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Thursday, September 30, 2010

the "branding" issue


by Cobus:
Archaeologists suggest that branding dates back 5000 years! There is evidence that in 3000 BC the Babylonians were already branding certain products. The branding of cattle and livestock dates back 2000 BC and as far back as 1300 BC, potter’s marks were used on pottery and porcelain in China, Greece, Rome and India.

Today business is branding! The mere mention of brand names like Coca-Cola, Nike and Apple brings to mind images, experiences and emotions connected to these brands. We either buy, or do not buy based on branding. But how do you use the same brand to reach two completely different markets, achieving two completely different outcomes?

One of LifeXchange’s successes is the way we market ourselves in high risk areas. We are not known as a rehabilitation centre, a program for troubled kids, or a youth-at-risk intervention organization, but rather as an extreme sport and adventure organization selecting young people with huge potential. Our brand is non-threatening to gangsters, drug addicts and the uneducated, and has a reputation as the organisation to be in. In the public sphere however we market ourselves as a youth-at-risk intervention organization working with some of the world’s most broken and lost young people. This is the reality of what we do and whom we target in order to achieve our goal; making a broken young person whole again.

Our problem: Selling the same brand to two different groups of people does not seem sustainable. Whenever there is an article in a newspaper or magazine about our intervention approach and the words ‘youth-at-risk’ occur we pray that none of our young people will read it. Yet, we want to be known to the public as an organisation that is specialising in high-risk youth intervention, leaders in our field, excellent in what we do, trustworthy and sustainable. But, in the communities we work with we want to be known as an adventure organization that recruits young people with talent and helps them turn their life stories into success stories.

So how would you do it? This is a request to please give us your advice, guidance and opinion our double-edged problem. Looking forward to hearing your touch of brilliance on this topic!

4 comments:

Timo Lehmann said...

Cobus and Mandy,

Yes, this is a tough one! What you need is one brand, with certain connotations, terminology, (slogan) etc that go with it, that is not only suitable but also appeals to all of your 'audiences'.

It might be worth brainstorming about: what others see as 'youth at risk", we see as XXX.
At the end of the day, youth-at-risk will appeal to be many would-be sponsors etc, so it's not necessarily something you want to shy away from. Maybe you'd be able to apply your own meaning to it, showing that it is so much more than that (to you) ... and that's about empowerment, equipping, mentoring, etc.

Just like you are taking sport and ordinary camps to the next level (extreme sport and adventure camps), you want to use these to take people (youth-at-risk) to the next level ...

I think a massive part of this will also be walking everyone involved in your programme through what you mean by certain terms (such as youth-at-risk), so they understand where you are coming from and so that they associate something positive with the term (which generally has a negative conversation).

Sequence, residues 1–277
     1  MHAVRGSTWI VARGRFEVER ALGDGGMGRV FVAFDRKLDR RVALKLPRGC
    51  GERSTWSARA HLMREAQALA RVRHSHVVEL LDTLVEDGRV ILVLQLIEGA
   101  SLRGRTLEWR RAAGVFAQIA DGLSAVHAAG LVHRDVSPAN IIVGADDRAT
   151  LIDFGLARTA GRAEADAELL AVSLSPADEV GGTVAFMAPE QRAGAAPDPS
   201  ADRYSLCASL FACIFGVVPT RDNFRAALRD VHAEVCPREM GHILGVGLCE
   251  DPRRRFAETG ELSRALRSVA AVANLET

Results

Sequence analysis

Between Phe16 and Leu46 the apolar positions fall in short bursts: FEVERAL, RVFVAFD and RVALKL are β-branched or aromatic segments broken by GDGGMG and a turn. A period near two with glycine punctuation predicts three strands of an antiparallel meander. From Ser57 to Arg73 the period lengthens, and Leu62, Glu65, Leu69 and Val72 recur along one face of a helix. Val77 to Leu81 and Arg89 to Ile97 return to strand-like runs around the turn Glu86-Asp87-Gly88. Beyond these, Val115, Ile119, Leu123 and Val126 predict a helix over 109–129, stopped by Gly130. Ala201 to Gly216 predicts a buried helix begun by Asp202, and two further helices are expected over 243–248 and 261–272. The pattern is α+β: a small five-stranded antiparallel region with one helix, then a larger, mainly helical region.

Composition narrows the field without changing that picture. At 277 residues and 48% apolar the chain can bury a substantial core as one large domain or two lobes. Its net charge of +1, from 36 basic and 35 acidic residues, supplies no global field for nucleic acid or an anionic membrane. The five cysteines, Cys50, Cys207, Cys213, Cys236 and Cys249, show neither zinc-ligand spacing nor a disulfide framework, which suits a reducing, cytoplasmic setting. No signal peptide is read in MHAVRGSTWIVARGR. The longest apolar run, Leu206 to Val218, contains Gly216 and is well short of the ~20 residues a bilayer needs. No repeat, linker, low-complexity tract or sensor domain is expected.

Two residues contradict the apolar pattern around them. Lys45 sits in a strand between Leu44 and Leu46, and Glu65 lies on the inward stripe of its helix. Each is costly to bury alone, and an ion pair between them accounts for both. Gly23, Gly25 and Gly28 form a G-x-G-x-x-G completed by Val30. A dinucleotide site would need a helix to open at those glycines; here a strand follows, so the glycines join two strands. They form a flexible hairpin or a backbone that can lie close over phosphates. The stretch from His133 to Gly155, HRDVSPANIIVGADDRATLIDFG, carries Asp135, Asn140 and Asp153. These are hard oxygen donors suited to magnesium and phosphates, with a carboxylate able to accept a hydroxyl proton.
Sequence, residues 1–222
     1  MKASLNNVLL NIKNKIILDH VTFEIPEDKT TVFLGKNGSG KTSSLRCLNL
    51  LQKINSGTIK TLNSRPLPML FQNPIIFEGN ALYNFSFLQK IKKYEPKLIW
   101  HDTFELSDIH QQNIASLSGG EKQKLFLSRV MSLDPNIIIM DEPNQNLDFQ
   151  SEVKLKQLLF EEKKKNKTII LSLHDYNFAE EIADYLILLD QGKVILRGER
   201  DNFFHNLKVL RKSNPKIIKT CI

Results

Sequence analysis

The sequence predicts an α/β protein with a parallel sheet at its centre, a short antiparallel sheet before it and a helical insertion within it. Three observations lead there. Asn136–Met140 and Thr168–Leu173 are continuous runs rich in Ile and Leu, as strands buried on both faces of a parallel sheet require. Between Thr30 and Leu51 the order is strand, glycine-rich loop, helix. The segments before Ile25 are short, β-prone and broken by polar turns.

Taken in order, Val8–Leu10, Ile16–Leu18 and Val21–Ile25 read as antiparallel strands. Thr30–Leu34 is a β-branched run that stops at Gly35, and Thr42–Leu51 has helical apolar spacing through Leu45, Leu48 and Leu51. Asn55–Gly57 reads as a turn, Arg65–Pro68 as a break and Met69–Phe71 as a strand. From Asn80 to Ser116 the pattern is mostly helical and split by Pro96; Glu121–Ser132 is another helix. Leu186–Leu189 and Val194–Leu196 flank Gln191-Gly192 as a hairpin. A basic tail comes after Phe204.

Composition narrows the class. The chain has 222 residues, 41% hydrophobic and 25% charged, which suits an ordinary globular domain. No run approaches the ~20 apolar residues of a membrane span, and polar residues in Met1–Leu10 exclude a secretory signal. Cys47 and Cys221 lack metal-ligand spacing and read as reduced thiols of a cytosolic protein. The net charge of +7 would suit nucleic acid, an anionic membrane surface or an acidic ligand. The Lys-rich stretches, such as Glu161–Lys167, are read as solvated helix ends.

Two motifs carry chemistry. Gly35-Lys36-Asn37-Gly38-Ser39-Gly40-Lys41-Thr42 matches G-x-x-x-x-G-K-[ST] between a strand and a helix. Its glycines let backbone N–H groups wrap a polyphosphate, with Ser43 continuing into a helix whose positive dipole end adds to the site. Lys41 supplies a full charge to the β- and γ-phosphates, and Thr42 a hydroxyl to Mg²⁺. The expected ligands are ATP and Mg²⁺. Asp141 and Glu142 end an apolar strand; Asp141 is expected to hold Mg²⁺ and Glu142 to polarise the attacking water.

Whatever terminology you end up using, you need to make it work for you, which can be done when everyone involved knows what you mean, think and feel (i.e. where your heart is) by certain words, actions etc ...

NiC said...

So a thought on a similar note is.... In S.A we have a huge orphan problem and many "orphanages" are there to combat this problem.... But that's obviously not where the problems end in orphan care. Cause once the new modelled children’s home take in an orphan and give them house parents and the best care that they can, as if the orphan were there own child. Is that child really still an orphan? We no, because and orphan does not have parents. Now this child does have parents and has parents who care and provide. In raising these particular children they then are taught by their house parents that they are not and orphan but are in fact part of a family and have a home. BUT as an organisation every doctor, donor, visitor still calls them orphans to their faces and therefore reinforces the facts which have been unlearnt.

Similar predicament it seems.

I think people like stereotyping the rich, strong, “cared for” and powerful people are the very ones who make the categories that we all slot people into. The same categories they never seem to find themselves in, and never have to deal with the people who face the challenges or breaking down the walls of the boxes we never created nor wanted....

Anonymous said...

This is a reply to your message about life exchange's double image.

Could the two images not be merged, and instead of being seen as an extreme sport and adventure organization selecting young people with huge potential to the youth, and as a youth-at-risk program to the public, could it not be advertised to everyone as an extreme sport and adventure organization that selects at-risk-young people with huge potential who dont have the financial etc support that other people with huge potential have?? This still shows that they are specially chosen because they have the potential.

Ashlee Hurwitz

Anonymous said...

Hi Mandy. You guys are doing the right thing here and a little tweaking is all that is necessary. One of the basic principles of marketing success is to focus on real benefits, which you already do. Keep it positive. Will chat @ church I have some ideas. Gustav Zwiegelaar